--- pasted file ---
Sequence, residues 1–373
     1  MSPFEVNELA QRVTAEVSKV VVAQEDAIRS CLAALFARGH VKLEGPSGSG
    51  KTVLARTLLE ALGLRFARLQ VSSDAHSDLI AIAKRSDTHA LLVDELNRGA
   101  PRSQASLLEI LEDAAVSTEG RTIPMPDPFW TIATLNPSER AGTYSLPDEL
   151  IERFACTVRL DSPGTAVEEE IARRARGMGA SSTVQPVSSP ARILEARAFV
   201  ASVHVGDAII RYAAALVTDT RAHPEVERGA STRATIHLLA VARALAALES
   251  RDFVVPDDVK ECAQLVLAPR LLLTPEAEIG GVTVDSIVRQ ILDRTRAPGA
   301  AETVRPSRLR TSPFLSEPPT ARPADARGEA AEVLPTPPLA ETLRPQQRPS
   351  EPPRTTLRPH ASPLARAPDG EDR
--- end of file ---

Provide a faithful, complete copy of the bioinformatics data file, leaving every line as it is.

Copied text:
Sequence, residues 1–373
     1  MSPFEVNELA QRVTAEVSKV VVAQEDAIRS CLAALFARGH VKLEGPSGSG
    51  KTVLARTLLE ALGLRFARLQ VSSDAHSDLI AIAKRSDTHA LLVDELNRGA
   101  PRSQASLLEI LEDAAVSTEG RTIPMPDPFW TIATLNPSER AGTYSLPDEL
   151  IERFACTVRL DSPGTAVEEE IARRARGMGA SSTVQPVSSP ARILEARAFV
   201  ASVHVGDAII RYAAALVTDT RAHPEVERGA STRATIHLLA VARALAALES
   251  RDFVVPDDVK ECAQLVLAPR LLLTPEAEIG GVTVDSIVRQ ILDRTRAPGA
   301  AETVRPSRLR TSPFLSEPPT ARPADARGEA AEVLPTPPLA ETLRPQQRPS
   351  EPPRTTLRPH ASPLARAPDG EDR